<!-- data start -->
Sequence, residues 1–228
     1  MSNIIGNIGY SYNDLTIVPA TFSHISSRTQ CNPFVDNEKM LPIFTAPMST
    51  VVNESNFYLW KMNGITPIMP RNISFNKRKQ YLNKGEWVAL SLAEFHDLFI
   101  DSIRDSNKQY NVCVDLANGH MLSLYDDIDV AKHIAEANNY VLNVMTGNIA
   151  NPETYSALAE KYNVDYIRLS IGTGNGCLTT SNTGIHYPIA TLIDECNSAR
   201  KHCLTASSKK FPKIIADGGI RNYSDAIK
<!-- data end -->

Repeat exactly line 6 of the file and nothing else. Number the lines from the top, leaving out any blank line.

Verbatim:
   201  KHCLTASSKK FPKIIADGGI RNYSDAIK